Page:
Jacksonville Group Connecting Teachers To Improve Training

Jul 27, 2015

Schultz Center president Deborah Gianoulis.
Credit The Schultz Center

At one point, the Schultz Center had state funding and a big, multi-million dollar contract with Duval County schools to help teachers improve their craft.

The Schultz Center has trained thousands of teachers since it was founded in Jacksonville in 1997. But when state revenues declined, the Schultz Center funding was cut.

“The recession happened,” says Deborah Gianoulis, president of the Schultz Center. “That [state budget] line-item was never restored.”

And Duval schools decided to provide their own staff development.

So the Schultz Center had to change. The non-profit is expanding beyond Northeast Florida to offer training to teachers statewide, both in person and online. And they’re building an incubator for education entrepreneurs.

They’re also helping teachers adjust to big changes in the classroom.

Common Core, or -- a variation of it, like Florida is using -- is a roadmap of what students should know at the end of each grade. But the standards have also changed the way teachers plan and present their lessons.

Listen to our interview with Schultz Center president Deborah Gianoulis.

Common Core asks students to collaborate -- to figure out the lesson’s goal on their own. Gianoulis says teachers also need to work together to understand what the standards mean and what’s expected – but that can be hard.

“Teachers are natural collaborators,” she says. “And I, as a former journalist, years ago did documentaries in schools. And I was told once by a principal something that really stuck out in my mind. She said, ‘You know, teachers are islands. They’re alone in their classrooms.’

“And yet if we look at what’s happening in the countries in the world that are surpassing us in student achievement, in many cases their students spend less time in student instruction than ours do. But their teachers spend so much more time working collaboratively together.”

One way to do that is getting rid of the traditional model of professional development.

When Florida districts were preparing for the switch to Common Core, they often had teachers spend hours in traditional lectures learning about what was new. Often, those lectures gave teachers just a few moments to discuss with colleagues what they were learning.

Gianoulis says the Schultz Center is trying to train and connect teachers through in-person conferences and online lessons.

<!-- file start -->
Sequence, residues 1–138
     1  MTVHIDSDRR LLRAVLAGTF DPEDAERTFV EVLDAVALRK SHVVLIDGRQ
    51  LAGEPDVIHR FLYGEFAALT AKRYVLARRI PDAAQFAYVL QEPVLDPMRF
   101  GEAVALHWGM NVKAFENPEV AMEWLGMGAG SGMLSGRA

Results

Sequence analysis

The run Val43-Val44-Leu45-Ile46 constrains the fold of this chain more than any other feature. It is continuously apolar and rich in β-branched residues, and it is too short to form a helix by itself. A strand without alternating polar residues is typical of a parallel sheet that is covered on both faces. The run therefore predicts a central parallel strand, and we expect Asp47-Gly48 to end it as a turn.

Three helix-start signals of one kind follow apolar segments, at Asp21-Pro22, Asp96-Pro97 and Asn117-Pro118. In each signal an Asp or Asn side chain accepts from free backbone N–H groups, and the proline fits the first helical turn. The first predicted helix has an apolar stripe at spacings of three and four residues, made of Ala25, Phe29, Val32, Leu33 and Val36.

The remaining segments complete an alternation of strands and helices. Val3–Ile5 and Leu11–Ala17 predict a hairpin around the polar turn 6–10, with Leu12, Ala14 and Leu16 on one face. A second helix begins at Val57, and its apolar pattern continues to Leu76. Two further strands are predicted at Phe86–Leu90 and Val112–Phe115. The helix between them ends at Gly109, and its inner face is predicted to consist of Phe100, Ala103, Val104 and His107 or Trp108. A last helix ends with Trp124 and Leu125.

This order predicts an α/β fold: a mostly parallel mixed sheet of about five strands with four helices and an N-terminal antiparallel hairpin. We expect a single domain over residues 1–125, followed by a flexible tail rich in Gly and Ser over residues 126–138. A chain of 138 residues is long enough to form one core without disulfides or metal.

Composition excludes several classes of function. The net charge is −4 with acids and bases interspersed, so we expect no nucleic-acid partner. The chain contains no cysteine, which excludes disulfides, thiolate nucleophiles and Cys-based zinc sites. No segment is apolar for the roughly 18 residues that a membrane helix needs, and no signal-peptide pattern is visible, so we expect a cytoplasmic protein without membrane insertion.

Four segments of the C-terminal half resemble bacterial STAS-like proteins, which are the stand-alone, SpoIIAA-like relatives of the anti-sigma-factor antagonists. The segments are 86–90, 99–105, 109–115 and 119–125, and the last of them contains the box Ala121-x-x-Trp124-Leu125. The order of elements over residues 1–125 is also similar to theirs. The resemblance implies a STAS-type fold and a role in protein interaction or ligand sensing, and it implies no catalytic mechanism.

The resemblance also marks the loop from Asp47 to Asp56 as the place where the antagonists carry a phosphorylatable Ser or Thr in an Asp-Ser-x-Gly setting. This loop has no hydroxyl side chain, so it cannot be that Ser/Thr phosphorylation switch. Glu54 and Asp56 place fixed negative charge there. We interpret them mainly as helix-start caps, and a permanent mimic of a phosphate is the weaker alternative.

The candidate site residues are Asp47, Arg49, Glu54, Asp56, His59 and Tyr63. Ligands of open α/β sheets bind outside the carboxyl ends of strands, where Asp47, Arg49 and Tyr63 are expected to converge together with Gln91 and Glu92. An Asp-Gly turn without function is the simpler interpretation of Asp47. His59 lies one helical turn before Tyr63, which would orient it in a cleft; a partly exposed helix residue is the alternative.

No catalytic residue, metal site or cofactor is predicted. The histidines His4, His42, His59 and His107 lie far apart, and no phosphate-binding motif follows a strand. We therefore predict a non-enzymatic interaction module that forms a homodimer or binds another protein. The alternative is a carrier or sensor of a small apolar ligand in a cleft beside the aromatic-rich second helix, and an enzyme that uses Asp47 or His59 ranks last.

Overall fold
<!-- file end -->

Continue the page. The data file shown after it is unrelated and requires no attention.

“Time is the greatest factor, right, there’s never enough of it,” she said. “And American teachers, in particular, do not have the collegial time and the professional learning time that teachers throughout the world experience.

“So, being respectful of teacher’s time and being able to help them adapt professional development in a customized way is something that the Schultz Center, as a tiny little nimble non-profit, can do.”

Last month, the Schultz Center was chosen for a statewide training session to help teachers use more technology in their classrooms.

When the upcoming school year starts, state law will require schools to spend more money on digital lessons.

The Schultz Center training used some of new methods that Florida teachers are experimenting with in classrooms.

“We used face-to-face, we used blended models, we used online, synchronous, asynchronous,” Gianoulis says. “We were in 12 counties and affected more than 400 educators.”

That means lessons were both in person and recorded, interactive videos. Sometimes teachers were taking classes at the same time. And sometimes they were working at their own pace.

Gianoulis says teachers will learn from Schultz Center training, but also from their methods.

“What you want in adult learning is exactly what you want in student learning,” she says. “You want engaged learners that find their instruction relevant to their lives.

The Schultz Center is now the home of EdSpark, a kind of incubator for education-related business ideas from ‘edupreneurs.’

“Edupreneurs are not necessarily people who are teachers,” Gianoulis says, “but they’re people who care passionately about children learning. “We have discovered engineers. We have discovered Ph.D. psychologists who have really great ideas in learning that we’re helping to cultivate."

Gianoulis says the Schultz Center is tracking the results of their teacher training efforts to try to figure out which methods have the most benefits for students.